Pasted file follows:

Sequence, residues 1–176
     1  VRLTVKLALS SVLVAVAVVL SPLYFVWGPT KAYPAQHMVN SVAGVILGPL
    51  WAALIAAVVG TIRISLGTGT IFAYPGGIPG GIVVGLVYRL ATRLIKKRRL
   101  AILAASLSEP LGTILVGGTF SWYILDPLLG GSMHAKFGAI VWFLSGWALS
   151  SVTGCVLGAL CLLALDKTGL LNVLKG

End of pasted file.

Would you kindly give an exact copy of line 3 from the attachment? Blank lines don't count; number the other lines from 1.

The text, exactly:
    51  WAALIAAVVG TIRISLGTGT IFAYPGGIPG GIVVGLVYRL ATRLIKKRRL